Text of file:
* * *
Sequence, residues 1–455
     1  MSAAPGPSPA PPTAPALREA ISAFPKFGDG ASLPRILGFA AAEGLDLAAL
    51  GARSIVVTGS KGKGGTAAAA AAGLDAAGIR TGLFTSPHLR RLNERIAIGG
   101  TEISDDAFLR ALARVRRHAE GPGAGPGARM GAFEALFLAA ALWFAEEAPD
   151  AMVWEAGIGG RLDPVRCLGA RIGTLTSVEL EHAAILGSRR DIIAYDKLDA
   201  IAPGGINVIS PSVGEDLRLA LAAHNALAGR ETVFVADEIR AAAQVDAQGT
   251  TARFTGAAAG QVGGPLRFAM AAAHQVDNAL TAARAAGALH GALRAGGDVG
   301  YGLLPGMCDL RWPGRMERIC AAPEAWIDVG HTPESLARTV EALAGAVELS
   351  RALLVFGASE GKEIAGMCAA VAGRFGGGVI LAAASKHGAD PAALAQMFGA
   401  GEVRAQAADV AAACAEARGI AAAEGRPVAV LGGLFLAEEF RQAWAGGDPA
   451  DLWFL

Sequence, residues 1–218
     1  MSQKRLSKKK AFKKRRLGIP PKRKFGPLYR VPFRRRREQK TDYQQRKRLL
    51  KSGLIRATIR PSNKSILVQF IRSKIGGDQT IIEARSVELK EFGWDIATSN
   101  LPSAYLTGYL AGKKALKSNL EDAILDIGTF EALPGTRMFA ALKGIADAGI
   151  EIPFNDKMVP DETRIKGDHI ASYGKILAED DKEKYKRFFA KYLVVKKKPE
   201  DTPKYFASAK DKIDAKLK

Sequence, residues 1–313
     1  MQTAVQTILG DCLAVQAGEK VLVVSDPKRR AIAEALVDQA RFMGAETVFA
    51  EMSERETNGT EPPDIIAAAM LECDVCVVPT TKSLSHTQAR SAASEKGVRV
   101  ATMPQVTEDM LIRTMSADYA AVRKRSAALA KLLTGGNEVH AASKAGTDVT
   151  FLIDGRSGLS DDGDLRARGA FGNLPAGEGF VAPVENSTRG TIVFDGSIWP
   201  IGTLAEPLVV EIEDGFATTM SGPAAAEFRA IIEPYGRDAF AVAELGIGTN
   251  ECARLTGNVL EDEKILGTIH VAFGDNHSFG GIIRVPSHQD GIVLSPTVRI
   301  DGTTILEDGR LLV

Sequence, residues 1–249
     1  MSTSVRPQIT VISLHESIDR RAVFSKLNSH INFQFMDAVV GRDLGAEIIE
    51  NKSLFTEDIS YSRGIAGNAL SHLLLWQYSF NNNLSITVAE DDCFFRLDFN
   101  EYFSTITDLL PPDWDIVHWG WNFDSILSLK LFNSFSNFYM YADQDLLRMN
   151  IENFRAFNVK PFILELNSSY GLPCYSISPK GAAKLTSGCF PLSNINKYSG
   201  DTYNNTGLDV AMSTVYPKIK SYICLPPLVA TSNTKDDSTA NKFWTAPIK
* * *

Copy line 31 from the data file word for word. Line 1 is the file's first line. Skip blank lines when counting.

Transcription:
   201  DTYNNTGLDV AMSTVYPKIK SYICLPPLVA TSNTKDDSTA NKFWTAPIK